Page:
Our View: Where were you when the ‘Eagle’ landed?

Our View: Where were you when the ‘Eagle’ landed?
(File Photo)

The following is a reprint of the editorial the Alexandria Times ran on July 23, 2009, which commemorated the 40th anniversary of the lunar landing.

Some events are seared in our memories forever.

If you’re old enough, you remember where you were when Pearl Harbor was bombed, when JFK was shot, when the Berlin Wall was torn down or when you learned about the terrorist attacks of Sept. 11, 2001. The trip of Apollo 11 in July 1969 ranks among those seminal events in our collective experience: we were all mesmerized by Neil Armstrong’s “giant leap for mankind.”

Only when viewed in the context of the times does the full significance of the lunar landing become clear. By July 1969, one of the most tumultuous decades in our country’s existence was drawing to a close. The 1960s saw the relative harmony and peacefulness of the post-World War II era not just evaporate but be blown to smithereens.

A sense of American invincibility was replaced by fear that we were losing the Cold War, disgust that thousands of Americans were dying in remote and seemingly insignificant Vietnam and alarm that civil unrest was pulling our country apart at the seams. We had lost a president, John F. Kennedy, his brother Robert and civil rights leader Martin Luther King, Jr. to assassin’s bullets. African Americans were rioting in our cities in protest of continued discrimination and students were rising in opposition to the Vietnam War. It was a terrible time.

In the midst of this anger, angst and disillusionment came Apollo 11. Our young president, JFK, may not have lived to fulfill his potential, but by landing on the moon we would fulfill the challenge Kennedy issued to congress in May 1961, when he urged America to put a man on the moon by the end of the decade.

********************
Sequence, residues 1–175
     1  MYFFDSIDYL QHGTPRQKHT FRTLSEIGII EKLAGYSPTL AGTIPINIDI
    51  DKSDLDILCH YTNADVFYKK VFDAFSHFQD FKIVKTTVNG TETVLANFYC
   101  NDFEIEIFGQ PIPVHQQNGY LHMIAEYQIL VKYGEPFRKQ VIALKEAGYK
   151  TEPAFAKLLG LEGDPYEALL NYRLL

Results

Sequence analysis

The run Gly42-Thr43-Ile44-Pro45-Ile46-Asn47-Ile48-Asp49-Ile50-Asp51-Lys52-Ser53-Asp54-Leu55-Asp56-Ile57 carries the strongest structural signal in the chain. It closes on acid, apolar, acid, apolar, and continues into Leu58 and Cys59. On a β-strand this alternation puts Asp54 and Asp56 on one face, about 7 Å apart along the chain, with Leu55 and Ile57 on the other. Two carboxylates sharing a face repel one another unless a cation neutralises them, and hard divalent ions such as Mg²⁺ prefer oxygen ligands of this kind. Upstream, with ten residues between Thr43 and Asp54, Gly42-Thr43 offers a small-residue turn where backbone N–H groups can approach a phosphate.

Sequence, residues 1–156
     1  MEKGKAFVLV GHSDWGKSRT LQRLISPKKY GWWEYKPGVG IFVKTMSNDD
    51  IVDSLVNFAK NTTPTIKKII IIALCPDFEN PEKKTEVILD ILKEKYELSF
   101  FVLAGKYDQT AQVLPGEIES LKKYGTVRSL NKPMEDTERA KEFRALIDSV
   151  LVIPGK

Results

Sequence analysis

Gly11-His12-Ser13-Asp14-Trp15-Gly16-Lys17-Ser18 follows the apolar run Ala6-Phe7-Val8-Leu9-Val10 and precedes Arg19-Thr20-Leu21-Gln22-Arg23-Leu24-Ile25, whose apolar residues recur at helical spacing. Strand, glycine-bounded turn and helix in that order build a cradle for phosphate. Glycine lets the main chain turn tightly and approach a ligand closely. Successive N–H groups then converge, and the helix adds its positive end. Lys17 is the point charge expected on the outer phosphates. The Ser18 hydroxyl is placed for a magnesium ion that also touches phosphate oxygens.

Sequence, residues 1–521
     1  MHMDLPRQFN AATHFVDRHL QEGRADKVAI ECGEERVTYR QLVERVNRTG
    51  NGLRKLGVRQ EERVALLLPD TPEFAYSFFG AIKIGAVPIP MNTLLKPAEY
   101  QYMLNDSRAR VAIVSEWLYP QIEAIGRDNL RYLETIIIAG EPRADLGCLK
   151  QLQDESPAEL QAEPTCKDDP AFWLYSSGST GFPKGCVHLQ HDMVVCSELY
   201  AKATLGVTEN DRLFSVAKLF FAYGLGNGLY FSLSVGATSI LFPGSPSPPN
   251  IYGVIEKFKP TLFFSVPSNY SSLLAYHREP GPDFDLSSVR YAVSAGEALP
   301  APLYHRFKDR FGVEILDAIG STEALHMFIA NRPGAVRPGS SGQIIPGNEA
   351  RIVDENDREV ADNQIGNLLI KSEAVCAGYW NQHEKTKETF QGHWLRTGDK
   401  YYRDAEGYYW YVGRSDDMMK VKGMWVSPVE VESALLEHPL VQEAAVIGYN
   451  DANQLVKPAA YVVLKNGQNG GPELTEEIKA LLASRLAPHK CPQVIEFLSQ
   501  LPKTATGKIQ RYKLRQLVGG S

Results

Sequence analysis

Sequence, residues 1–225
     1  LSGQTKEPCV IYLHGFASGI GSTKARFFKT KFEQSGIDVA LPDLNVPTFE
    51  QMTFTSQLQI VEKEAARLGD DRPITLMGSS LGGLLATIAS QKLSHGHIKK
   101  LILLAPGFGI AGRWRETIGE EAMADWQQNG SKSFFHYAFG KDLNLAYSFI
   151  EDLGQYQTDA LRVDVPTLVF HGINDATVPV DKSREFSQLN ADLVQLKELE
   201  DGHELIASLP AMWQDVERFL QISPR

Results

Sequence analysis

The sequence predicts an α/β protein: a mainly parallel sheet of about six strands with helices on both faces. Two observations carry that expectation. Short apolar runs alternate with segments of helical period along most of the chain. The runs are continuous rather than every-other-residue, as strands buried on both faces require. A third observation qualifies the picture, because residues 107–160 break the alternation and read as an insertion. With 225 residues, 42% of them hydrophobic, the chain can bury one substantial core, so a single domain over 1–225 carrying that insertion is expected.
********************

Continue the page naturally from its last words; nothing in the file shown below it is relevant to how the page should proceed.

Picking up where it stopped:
The lunar landing was significant for what it represented as much as for what it actually was. It represented our ability to dream big as a nation, then work triple time to make the dream a reality. It was a testament to the ingenuity of mankind – all of the big problems around us suddenly seemed more manageable in the context of a trip to the moon. It showed us that despite all that was tearing us apart, we could still come together as a nation, as young and old, as rich and poor, as white and black, to cheer an achievement for the ages.

Although it would be another 20 years before the United States finally prevailed in the Cold War, Armstrong’s steps on the moon were a statement to the world that America was the greater of the two superpower contenders. Despite the tumult, America’s constitutional democracy and free enterprise economy would survive. The Soviet Union’s socialist government and economy would not.

Of course, the moon landing did not solve all of America’s ills. We still had to endure the Kent State riots the following year, the blemish of Watergate and President Richard Nixon’s resignation and the stagflation and malaise of Jimmy Carter’s years as president. Improvements in race relations and in lessening poverty took place but progress was distressingly slow.

As we look back through 40 years of history to July 1969, our vision has benefitted from the clarity that time affords. It now seems obvious that we were destined to win the Cold War – at the time it seemed anything but. The state of technology in 2009 would have astounded us in 1969, and the moon mission played a great role in advancing technological achievement.

But the main lesson from Neil Armstrong’s walk on the moon is that Americans yearn to be great and that we long for leaders who will call us to greatness. That’s why the magic of JFK endures; it’s why Ronald Reagan remains beloved by so many. We elected Barack Obama president last year in the hope that he will similarly inspire us. Reagan said, “America is too great for small dreams.” And he was right.